The Legend of Josiah Stinkney Carberry

by by Gillian Brassil

On January 24, 1929, a young, round-faced professor in Brown’s Department of Classics found the key to a glassed-in bulletin board in University Hall. A lover of pranks, John W. Spaeth, Jr. found the opportunity irresistible and swiftly
composed a false announcement: next Thursday evening at 8:15 in Sayles hall, dr. J. S. carberry will deliver a lecture on ‘archaic greek architectural revetments in connection with ionian phonology.’ admission is free, dress is formal. For tickets and information, apply to prof. John Spaeth.

A fellow Classics Department member, Dr. Benjamin Crocker Clough, passed by the sign and immediately recognized that his friend’s posting was a hoax; he took it upon himself to gently pencil in, between ‘will’ and ‘deliver,’ a carat and the word not. Still, his correction went unnoticed by many; 150 people showed up to the nonexistent talk, and Spaeth was peppered with questions about the mysterious lecturer. When one curious graduate student approached him, Spaeth ad-libbed a few admiring remarks about Carberry’s prestige as a scholar of psychoceramics, or the study of cracked pots; then, apparently caught up in the joy of invention, he mentioned that Carberry had a wife, Laura, and two daughters: Lois and Patricia. His impromptu remarks formed the foundation of what would become a wildly-complicated and lovingly-curated myth at Brown.
* * *
Spaeth and Clough were immediately taken with this figment of their mutual imagination, and commenced straight away in making Carberry the perpetrator of their practical jokes. In large part, this consisted of sending each other telegrams and notes. The playful pair also amused themselves by submitting works from members of the Carberry family to various publications; in March of 1929, a poem by Lois was published in The Providence Journal:

“Sphinx Song”
born of the purple chaos of the wind,
clamourous and pinguid,
taut with fuzzy, fusty garlands
of insensate spactara,
challenging the redolence of liFe,
She knelt there.
all her carmine courage, giddily abortive,
muttered matters immaterial,
cackled squeamish visions,
bartered for a moiety of Faith
and shuddered.

After receiving a deluge of submissions from Carberry family members over the ensuing years, the providence Journal refused to print anything bearing that last name, precluding some real-life Carberrys from announcing their weddings. Spaeth and Clough, avid Classics scholars, extended Carberry’s writing whims to academia and delightied especially in penning letters of correction and suggestion to various journals of Greek and Latin; Josiah was the recipient of numerous letters of thanks and interest from grateful editors. He even authored two pieces published in classical Weekly, including the undoubtedly riotous “Another Catullus to Another Lesbia.”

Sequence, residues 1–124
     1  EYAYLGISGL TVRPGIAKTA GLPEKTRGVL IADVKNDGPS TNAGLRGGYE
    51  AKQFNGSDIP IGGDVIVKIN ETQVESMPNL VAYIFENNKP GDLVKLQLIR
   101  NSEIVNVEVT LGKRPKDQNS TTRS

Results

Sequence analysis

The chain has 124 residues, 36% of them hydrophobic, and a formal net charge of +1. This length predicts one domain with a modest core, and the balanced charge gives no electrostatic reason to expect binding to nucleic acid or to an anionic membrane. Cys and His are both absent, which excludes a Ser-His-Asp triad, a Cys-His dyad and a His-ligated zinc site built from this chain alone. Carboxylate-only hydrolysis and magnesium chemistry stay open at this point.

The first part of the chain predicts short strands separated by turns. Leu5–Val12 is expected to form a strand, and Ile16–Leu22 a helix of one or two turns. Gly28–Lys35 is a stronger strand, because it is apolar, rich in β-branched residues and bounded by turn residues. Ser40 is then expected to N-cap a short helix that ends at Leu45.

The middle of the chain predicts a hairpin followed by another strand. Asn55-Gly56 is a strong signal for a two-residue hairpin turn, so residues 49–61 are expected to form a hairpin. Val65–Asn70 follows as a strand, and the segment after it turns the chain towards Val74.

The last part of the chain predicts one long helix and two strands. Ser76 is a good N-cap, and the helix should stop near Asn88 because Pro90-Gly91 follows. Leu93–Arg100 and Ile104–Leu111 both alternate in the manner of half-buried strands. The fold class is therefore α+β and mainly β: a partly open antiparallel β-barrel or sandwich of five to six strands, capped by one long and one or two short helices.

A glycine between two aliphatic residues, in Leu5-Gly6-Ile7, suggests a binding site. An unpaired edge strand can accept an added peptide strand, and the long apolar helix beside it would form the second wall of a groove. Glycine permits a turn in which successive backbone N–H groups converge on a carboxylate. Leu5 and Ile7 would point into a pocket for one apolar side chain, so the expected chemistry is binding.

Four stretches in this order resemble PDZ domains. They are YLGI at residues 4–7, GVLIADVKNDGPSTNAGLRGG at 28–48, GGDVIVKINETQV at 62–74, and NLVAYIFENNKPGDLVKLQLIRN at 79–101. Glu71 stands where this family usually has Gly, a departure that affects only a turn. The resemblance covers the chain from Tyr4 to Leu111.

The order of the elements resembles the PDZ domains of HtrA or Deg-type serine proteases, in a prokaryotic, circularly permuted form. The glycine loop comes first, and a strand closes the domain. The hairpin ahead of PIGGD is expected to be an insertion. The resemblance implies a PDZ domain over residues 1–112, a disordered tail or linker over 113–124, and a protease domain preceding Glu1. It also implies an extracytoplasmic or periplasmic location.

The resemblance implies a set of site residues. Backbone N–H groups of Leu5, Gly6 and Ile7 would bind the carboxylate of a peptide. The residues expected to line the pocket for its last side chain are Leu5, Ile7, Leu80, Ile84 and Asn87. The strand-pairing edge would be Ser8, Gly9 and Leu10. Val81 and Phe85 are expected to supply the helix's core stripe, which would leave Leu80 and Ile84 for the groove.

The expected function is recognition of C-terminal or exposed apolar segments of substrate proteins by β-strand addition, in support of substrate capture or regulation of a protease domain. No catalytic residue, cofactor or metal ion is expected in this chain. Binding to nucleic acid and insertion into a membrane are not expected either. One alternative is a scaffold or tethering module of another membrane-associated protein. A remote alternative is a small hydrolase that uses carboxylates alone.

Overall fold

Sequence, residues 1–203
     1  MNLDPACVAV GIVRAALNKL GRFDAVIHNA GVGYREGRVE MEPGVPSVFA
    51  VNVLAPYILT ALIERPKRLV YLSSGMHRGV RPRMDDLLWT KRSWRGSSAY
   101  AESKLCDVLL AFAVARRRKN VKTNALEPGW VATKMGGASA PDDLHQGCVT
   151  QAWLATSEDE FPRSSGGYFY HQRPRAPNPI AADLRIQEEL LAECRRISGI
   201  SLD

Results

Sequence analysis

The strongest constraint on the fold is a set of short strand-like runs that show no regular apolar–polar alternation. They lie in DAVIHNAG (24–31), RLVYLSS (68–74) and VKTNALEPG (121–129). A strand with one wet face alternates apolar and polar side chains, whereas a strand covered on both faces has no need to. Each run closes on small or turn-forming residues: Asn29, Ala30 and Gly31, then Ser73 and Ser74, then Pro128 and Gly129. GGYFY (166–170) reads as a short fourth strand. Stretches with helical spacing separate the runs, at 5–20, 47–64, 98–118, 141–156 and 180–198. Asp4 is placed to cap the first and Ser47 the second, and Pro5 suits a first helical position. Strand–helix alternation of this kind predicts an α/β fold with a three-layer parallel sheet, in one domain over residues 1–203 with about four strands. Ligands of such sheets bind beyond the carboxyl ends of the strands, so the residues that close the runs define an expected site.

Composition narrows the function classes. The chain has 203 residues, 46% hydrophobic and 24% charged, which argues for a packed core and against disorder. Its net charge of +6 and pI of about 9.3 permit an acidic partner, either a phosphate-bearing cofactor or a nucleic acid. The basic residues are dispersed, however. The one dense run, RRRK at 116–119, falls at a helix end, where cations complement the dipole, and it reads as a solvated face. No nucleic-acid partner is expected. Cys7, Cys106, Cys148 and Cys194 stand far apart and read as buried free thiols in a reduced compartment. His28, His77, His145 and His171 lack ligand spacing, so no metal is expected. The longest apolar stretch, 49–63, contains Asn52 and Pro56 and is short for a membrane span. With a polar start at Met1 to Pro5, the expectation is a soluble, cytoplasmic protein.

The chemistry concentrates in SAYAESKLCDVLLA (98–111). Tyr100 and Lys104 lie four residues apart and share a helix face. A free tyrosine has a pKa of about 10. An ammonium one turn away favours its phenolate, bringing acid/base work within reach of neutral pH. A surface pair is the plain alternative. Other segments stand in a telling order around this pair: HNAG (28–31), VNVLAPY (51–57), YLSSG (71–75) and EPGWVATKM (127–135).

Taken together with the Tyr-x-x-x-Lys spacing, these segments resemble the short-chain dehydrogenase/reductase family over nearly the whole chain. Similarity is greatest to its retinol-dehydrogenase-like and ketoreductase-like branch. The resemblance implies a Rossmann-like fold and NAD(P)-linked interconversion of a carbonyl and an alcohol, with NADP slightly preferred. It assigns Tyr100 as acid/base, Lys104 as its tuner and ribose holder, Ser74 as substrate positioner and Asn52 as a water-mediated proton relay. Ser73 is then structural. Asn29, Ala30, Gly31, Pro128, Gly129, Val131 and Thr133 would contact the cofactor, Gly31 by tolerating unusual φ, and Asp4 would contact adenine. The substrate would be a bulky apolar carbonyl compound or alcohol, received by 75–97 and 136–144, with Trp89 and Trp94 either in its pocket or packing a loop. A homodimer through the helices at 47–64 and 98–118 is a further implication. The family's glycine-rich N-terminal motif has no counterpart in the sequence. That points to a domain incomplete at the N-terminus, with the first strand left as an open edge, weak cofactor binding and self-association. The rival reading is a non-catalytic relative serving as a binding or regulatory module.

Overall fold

* * *
Spaeth left Brown in 1930, becoming a Dean and Professor of Classics at Wesleyan. Clough stayed in touch with him through pun-riddled and poetic Carberry postcards; one such missive featured a picture of the Atlantic ocean captioned “MORNING ON THE ATLANTIC”; the reverse side bore Clough’s loopy, narrow script: What more romantic / than morning on the atlantic? / your aff’nate & frantic / Josiah & laura, pedantic. Spaeth responded occasionally—in 1936, he commissioned a wedding announcement in the middletown press for Lois Carberry and (the already-married) Clough. Still, the Carberry correspondence was largely one-sided, with Clough fashioning Spaeth’s brainchild into a wordplay fiend with a penchant for foreign languages and esoteric academic references—in other words, a fellow much like Clough himself.

Josiah’s (and Clough’s) persnickety tendencies were reflected in one 1944 letter to Clough’s wife, Elsie, who ran The Book Shop, a well-loved Market Square establishment: i feel i must take pen in hand to state as follows: Upon entering the book Shop the other day, i noted a sign on your door, stating, “book Shop—5 Steps down.” i have always been the kind of a person who is given to following directions at all times, and i, therefore, went down five steps. “one, two, three, four five,” i counted to myself, so as not to disturb any persons who might be about. it was at that point that i suddenly became involved in a difficulty. i did not find the book Shop five steps down as the directions had stated so plainly i would. Fortunately, i had the presence of mind to take the proper step – to be specific, the sixth. Thereupon, i found myself in the book Shop, but only thereupon. it is things like this that lead such people as i to ask, “is this trip necessary?” Some day someone is going to count on there being only five steps, like the sign states, and that person is likely to end up right in the middle of the modern library.